ONGWEDIVA: The Ohangwena Communal Land Board has decided in favour of the children in the land dispute between the six children of the late Immanuel Kaishungu and their uncle Martin Kaishungu at Okongo settlement in the Ohangwena Region.
The dispute over a piece of land measuring 6.68 hectares (ha), which belonged to late Immanuel Kaishungu at that settlement, has been ongoing since 1996.
This followed the death of Immanuel Kaishungu in 1990. Oukwanyama Traditional Council also dealt with it on several occasions but failed to find amicable solution to the issue.
That council also decided in favour of the children by then, but Martin Kaishungu refuses to surrender the piece of land in question.
He arguing that it belongs to him all along and he is the one allowed his young brother (late Kaishungu) to occupy that piece of land on the grounds that he was in dire need of a dwelling land at the Okongo settlement.
Martin Kaishungu continued arguing that the land in question is part of his nearby land and it should remain as such, while at the same time the six children also remained adamant that the land belonged to their late father and they have the right to inherit it.
The children are identified as Lukas, Lazarus, Victoria, Elizabeth, Martha and Olivia. A formal hearing session on the dispute by the Oukwanyama Traditional Council was scheduled to take place at the council’s offices at Ohangwena settlement in May this year, but Martin Kaishungu failed to show up.
Only the late Kaishungu’s children were present. The Oukwanyama Traditional Council was left without other option than just appealing to the Namibian Police Force (NamPol) to help in tracking down Martin Kaishungu and bring him to the hearing.
However, Martin Kaishungu’s lawyers at the Dr Weder, Kauta and Hoveka Legal Practitioners on 28 May issued an urgent letter addressed to the chairperson of Oukwanyama Traditional Council, Chief George Nelulu informing the council why their client could not attend the hearing.
“Kindly be advised that the dispute between the parties has been referred to the Ohangwena Communal Land Board, therefore our client will not be able to attend to your hearing scheduled for 23 May 2012,” a letter from Martin Kaishungu’s lawyers read.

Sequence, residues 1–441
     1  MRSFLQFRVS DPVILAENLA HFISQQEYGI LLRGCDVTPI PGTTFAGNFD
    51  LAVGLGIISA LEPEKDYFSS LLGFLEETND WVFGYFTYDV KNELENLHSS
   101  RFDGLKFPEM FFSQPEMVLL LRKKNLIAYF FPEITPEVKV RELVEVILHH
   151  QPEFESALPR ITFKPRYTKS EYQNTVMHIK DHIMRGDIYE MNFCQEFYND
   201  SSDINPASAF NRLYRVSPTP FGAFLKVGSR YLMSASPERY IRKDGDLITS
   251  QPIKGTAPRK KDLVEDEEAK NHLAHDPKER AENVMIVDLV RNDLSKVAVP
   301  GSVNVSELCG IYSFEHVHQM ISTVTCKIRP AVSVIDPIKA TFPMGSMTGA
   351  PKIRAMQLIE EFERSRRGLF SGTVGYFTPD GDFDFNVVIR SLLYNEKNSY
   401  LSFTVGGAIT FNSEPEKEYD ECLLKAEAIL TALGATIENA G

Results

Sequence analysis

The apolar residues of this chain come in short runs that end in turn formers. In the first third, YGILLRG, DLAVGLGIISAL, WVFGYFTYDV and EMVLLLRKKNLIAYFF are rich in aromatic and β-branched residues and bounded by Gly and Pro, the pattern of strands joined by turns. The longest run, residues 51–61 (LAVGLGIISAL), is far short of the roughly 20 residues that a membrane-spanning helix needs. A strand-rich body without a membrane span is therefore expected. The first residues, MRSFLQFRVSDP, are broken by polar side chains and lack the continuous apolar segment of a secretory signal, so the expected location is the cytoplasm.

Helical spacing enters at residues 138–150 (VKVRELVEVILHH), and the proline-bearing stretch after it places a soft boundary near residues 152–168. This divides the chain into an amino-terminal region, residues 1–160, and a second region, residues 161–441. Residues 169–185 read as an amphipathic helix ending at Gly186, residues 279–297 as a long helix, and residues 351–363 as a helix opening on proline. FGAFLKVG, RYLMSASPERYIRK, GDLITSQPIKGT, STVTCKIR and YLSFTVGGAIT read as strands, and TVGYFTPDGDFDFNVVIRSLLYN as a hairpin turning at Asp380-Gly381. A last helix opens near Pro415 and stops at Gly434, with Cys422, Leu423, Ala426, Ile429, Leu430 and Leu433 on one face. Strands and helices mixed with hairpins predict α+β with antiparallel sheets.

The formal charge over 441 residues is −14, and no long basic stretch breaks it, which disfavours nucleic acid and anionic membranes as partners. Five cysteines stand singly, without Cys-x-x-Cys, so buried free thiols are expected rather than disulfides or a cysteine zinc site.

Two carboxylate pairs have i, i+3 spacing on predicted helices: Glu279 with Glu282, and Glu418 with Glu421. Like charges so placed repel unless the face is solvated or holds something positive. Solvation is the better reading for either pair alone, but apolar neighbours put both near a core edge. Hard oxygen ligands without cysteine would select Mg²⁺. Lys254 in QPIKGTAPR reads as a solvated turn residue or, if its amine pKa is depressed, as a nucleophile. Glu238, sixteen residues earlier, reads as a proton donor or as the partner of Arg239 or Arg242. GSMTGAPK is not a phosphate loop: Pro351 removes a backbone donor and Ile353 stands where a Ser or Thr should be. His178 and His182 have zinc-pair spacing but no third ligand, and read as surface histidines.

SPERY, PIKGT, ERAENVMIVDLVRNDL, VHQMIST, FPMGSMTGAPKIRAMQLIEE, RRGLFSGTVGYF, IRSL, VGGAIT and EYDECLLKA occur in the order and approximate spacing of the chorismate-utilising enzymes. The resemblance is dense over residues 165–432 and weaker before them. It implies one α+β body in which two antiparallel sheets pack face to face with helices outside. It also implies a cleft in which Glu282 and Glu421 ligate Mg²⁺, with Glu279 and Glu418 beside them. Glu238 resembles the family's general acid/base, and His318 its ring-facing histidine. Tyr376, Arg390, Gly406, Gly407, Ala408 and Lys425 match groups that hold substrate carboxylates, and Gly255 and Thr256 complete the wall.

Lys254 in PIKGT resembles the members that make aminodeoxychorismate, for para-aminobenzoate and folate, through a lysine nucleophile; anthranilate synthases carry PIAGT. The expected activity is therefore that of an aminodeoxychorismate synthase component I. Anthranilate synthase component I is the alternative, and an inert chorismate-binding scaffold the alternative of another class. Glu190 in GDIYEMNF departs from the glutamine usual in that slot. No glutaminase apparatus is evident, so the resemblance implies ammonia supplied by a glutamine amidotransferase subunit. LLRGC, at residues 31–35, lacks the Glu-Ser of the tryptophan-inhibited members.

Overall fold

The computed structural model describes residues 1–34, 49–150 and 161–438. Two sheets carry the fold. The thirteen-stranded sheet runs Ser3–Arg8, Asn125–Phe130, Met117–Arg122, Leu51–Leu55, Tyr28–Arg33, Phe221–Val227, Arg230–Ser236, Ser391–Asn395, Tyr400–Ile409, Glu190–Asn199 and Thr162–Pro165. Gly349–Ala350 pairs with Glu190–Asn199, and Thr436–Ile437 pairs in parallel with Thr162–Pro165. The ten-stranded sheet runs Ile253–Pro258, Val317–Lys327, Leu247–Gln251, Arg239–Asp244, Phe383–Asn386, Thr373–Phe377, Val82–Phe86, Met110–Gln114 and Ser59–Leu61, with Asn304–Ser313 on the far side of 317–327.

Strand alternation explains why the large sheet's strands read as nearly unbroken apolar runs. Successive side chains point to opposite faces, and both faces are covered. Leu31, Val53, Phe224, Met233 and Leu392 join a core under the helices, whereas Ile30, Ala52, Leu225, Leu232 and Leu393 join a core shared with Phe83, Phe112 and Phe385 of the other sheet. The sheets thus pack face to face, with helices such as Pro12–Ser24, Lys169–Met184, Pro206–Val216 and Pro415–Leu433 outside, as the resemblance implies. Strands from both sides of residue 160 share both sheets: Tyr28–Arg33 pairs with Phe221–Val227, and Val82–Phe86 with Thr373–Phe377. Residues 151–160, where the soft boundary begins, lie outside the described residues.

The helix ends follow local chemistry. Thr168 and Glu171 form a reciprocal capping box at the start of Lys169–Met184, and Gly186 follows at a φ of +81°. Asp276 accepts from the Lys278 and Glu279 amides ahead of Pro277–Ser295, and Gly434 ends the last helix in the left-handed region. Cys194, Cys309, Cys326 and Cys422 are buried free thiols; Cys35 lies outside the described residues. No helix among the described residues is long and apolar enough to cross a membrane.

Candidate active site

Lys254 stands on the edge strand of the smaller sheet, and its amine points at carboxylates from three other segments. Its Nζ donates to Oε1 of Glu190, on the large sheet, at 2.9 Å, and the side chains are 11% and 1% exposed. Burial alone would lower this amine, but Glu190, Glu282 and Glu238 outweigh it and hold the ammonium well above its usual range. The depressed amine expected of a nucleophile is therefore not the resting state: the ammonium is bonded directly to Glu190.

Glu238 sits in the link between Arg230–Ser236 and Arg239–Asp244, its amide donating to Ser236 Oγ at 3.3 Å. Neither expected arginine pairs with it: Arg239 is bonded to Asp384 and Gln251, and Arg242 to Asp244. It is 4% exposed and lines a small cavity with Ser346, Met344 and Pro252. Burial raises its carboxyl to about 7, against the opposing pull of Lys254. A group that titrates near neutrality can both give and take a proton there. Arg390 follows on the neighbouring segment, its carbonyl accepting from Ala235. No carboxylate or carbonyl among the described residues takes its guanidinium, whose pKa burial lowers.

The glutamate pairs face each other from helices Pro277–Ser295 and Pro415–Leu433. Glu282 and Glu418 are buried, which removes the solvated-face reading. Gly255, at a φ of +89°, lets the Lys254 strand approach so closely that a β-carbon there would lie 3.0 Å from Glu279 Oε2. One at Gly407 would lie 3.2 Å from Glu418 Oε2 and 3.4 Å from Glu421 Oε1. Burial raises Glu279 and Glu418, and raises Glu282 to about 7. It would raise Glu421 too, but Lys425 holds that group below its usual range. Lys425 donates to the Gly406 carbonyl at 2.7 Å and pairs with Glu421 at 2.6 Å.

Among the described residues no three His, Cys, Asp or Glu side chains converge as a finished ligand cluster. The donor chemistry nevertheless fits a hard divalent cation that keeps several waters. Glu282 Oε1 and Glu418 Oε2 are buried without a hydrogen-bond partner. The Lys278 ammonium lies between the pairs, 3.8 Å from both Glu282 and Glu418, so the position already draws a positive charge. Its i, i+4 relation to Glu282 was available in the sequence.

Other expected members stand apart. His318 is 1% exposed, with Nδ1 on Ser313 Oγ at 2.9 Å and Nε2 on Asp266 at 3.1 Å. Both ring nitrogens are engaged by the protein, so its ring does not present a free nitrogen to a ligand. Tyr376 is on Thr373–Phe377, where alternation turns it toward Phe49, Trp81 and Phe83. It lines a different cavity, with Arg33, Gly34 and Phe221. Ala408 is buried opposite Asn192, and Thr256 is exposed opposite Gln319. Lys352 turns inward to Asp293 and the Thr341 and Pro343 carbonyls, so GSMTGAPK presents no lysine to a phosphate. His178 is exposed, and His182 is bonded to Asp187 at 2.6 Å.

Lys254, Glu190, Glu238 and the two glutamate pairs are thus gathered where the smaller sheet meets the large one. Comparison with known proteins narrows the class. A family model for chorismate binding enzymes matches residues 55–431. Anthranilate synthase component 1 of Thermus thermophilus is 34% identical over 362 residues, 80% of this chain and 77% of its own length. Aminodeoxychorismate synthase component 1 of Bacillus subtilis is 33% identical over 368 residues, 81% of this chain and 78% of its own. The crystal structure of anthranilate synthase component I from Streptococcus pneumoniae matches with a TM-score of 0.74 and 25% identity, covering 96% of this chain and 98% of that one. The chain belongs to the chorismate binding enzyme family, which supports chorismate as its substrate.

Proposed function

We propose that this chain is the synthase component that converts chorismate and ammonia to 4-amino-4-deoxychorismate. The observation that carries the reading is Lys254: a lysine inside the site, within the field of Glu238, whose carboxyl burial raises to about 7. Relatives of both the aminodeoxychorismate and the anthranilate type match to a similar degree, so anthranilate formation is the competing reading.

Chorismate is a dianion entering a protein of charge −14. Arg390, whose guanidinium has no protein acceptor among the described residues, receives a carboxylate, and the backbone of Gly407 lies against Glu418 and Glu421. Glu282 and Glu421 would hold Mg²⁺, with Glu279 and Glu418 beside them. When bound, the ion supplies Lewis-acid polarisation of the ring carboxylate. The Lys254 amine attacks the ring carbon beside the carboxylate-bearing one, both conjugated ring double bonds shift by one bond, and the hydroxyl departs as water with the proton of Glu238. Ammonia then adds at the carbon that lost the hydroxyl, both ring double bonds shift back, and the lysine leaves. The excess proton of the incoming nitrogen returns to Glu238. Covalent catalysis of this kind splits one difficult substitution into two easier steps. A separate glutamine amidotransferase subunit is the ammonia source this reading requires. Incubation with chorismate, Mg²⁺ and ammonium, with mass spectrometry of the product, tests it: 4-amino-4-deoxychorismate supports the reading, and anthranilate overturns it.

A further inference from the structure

The lawyers also stated in the letter that Martin Kaishungu did not receive a letter from the headman of Okongo to proceed with the matter to the Oukwanyama Traditional Authority/Council as required by the procedures of the authority.
NAMPA learnt from the aunt of late Kaishungu’s children, Rachel Pashita, on Tuesday that representatives of both the Ohangwena Communal Land Board and the Oukwanyama Traditional Council were at Okongo settlement on a facts-finding mission on 31 May this year.
“They spoke to Martin and the children during their visit to Okongo by then, and they also proceeded to the site to do some mapping,” Pashita told NAMPA in a telephonic interview.
This time around, Pashita said, the Board sat at Eenhana Town last Friday and resolved that the disputed piece of land should belong to the late Kaishungu’s children.
“After hearing and considering the evidence of both sides, the board is convinced that there are indeed two land parcels, one belonging to Mr. Martin Kaishungu measuring 13.69 ha and the other to his late brother Immanuel Kaishungu measuring 6.68 ha of which the children have the right to inherit,” a letter signed by the Chairperson of the board, Daniel Hangula, stated.
The board went on to advise Martin Kaishungu to continue occupying the land he previously owned at the time late Immanuel Kaishungu was alive, while the children will occupy their late father’s portion.
Pashita confirmed to NAMPA on Tuesday that the children are now satisfied and wholly-heartedly welcomed the decision of the board.
Late Kaishungu’s wife, Diina Pashita, moved out their family house for getting married to somebody else after the death of the husband.